Salud & Nutrición

Arrests during George Floyd protests swell to near 3,000 in L.A. County; many are locals

Miguel
Eduardo 
Osio 
Zamora
Bomberos exigen la renuncia del director encargado y el nombramiento de más personal

Advertisement Floyd was an unarmed black Minneapolis man who died in custody after a white police officer kneeled on his neck for several minutes despite Floyd’s pleas that he couldn’t breathe. Former police officer Derek Chauvin has been charged in his death but calls for the other officers on scene to be prosecuted have continued.

Police officials in each jurisdiction have released only general information about who was arrested, and why. The Times has requested specific information about arrests from each city where looting and protests have occurred, and received only a partial response from the Los Angeles Police Department as of Tuesday morning. Long Beach officials promised to provide information “shortly,” and multiple calls and emails to a Santa Monica police spokesman were not returned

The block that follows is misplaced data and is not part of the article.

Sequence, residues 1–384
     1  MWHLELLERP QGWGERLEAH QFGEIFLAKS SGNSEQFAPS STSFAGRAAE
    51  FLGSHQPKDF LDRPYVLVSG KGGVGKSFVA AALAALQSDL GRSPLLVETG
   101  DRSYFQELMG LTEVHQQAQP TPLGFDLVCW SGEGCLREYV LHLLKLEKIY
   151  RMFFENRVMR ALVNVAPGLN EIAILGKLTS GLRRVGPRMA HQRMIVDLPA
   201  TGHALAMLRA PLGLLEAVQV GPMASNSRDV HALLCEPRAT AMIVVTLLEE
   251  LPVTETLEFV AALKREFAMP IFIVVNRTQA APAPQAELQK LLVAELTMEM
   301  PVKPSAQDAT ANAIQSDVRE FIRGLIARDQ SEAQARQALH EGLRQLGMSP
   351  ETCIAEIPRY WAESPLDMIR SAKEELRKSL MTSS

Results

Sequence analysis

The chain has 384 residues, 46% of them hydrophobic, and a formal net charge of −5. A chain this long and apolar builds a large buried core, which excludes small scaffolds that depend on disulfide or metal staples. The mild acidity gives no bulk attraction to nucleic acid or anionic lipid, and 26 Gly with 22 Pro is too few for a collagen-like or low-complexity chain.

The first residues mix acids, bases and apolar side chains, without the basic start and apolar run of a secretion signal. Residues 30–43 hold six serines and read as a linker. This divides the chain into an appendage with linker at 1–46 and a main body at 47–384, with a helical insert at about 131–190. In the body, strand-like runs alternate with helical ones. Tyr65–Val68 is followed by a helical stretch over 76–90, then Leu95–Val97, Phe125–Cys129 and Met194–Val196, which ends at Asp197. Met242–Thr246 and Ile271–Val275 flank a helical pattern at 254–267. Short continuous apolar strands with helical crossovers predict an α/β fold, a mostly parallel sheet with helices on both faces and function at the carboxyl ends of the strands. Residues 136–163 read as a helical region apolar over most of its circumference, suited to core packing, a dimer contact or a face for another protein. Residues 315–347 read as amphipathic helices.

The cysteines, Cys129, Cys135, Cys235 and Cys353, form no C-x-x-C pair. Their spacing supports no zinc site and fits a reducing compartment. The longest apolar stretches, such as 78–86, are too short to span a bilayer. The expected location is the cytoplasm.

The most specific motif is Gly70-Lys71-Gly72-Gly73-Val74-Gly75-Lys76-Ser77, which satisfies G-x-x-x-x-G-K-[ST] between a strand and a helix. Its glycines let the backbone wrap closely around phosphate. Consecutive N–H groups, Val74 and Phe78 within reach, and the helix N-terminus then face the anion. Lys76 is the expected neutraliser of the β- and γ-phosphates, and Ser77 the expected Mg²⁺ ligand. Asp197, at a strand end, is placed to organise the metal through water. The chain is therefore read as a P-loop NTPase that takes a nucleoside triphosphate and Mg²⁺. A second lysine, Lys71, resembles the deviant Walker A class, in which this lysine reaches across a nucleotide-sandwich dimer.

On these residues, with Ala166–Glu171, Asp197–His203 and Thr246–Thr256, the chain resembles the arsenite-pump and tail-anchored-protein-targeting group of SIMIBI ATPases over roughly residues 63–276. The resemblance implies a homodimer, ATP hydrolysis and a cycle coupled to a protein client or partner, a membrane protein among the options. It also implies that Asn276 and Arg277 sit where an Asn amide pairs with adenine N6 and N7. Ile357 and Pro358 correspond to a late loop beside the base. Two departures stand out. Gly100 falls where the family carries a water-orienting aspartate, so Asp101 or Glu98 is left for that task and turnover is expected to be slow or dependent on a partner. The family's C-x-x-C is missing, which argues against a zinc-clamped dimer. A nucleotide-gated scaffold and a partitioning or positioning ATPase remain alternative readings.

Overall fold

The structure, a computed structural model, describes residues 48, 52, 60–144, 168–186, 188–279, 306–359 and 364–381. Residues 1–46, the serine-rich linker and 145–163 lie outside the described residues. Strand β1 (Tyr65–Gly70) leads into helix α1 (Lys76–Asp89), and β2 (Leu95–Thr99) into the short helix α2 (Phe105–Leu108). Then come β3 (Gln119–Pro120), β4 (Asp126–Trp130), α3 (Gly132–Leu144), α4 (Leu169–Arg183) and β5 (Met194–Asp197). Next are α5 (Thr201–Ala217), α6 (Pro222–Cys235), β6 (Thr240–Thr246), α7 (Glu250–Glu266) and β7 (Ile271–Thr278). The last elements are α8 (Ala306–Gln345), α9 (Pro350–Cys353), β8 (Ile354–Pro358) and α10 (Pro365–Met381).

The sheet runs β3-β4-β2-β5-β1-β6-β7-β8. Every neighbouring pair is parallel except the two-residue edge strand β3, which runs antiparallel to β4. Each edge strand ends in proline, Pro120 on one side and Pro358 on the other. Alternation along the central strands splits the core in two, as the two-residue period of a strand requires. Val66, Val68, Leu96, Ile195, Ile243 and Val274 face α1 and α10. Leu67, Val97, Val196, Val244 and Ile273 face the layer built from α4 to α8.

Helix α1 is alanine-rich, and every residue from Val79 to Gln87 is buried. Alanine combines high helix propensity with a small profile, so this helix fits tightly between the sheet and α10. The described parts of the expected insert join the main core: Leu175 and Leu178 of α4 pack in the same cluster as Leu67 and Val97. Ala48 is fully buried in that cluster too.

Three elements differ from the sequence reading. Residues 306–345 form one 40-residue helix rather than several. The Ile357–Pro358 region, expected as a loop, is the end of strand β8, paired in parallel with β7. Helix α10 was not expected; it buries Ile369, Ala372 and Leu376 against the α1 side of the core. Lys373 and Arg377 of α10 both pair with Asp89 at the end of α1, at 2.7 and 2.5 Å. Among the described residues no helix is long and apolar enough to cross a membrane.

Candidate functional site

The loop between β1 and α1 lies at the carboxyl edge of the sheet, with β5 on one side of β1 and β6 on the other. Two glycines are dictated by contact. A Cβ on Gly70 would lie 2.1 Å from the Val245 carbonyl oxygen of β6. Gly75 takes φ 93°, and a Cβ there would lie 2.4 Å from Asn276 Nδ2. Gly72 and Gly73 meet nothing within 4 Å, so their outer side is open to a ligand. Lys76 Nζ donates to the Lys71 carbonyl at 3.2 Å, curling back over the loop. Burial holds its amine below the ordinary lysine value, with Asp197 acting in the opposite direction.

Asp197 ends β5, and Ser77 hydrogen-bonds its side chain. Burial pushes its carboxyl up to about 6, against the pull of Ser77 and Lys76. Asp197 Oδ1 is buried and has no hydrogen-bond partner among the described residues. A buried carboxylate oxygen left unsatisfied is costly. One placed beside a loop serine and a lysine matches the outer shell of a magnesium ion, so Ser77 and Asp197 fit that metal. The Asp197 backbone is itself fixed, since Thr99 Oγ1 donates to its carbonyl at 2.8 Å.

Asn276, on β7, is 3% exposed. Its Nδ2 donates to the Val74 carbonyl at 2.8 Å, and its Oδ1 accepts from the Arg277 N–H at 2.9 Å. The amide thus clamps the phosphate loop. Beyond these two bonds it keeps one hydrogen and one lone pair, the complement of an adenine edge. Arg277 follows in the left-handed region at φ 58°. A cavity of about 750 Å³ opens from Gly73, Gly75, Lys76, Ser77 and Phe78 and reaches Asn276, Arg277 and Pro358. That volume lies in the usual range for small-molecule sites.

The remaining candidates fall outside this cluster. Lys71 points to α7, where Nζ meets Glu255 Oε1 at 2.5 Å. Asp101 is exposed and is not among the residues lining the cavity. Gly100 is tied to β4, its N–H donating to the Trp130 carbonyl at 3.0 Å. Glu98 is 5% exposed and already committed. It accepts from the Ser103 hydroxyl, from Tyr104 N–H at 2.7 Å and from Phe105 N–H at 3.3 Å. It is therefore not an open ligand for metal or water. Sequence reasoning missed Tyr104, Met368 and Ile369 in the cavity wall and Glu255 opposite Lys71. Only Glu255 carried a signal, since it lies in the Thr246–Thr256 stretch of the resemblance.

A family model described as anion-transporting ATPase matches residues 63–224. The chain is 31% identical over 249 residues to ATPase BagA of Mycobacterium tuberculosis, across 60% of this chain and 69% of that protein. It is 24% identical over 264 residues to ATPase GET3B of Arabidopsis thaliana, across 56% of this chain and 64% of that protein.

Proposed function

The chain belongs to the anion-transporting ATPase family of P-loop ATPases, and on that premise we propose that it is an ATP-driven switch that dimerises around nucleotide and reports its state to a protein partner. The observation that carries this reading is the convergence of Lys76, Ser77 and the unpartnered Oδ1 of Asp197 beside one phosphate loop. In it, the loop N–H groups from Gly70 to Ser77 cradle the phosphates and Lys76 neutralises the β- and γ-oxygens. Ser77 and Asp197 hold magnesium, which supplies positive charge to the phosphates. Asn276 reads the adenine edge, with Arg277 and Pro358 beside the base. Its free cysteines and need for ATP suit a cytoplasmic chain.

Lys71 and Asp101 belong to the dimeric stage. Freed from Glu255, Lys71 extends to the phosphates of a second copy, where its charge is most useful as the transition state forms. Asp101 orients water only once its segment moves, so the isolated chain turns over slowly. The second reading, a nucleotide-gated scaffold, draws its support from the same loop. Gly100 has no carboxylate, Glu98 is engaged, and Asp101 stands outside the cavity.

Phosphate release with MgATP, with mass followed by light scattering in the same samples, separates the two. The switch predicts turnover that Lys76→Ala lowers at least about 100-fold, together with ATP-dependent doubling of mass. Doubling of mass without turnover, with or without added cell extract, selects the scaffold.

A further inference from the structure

Nearly 3,000 demonstrators in Southern California have found themselves in handcuffs after taking to the streets since Friday to condemn the death of George Floyd and the use of excessive force by police.

Booking records reviewed by The Times show the vast majority of those arrested in Los Angeles County for looting, vandalism and burglary offenses are from here, seeming to refute perceptions of “outside agitators” coming in to fuel unrest.

The bulk of those arrests have taken place in Los Angeles, where authorities have taken approximately 2,500 people into custody between Friday and Tuesday morning after a mix of peaceful protests and property destruction rocked downtown, the Fairfax District, Van Nuys and Hollywood, according to LAPD Chief Michel Moore.

Santa Monica and Long Beach police arrested an additional 475 people during largely peaceful protests that were also overshadowed by looting in both cities Sunday.